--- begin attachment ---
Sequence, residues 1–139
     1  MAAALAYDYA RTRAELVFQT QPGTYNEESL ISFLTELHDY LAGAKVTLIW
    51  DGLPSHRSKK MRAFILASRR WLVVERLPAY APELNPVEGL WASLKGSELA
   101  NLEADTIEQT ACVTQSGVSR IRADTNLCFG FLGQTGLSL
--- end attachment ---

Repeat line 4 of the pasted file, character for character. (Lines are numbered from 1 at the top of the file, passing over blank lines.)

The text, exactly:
   101  NLEADTIEQT ACVTQSGVSR IRADTNLCFG FLGQTGLSL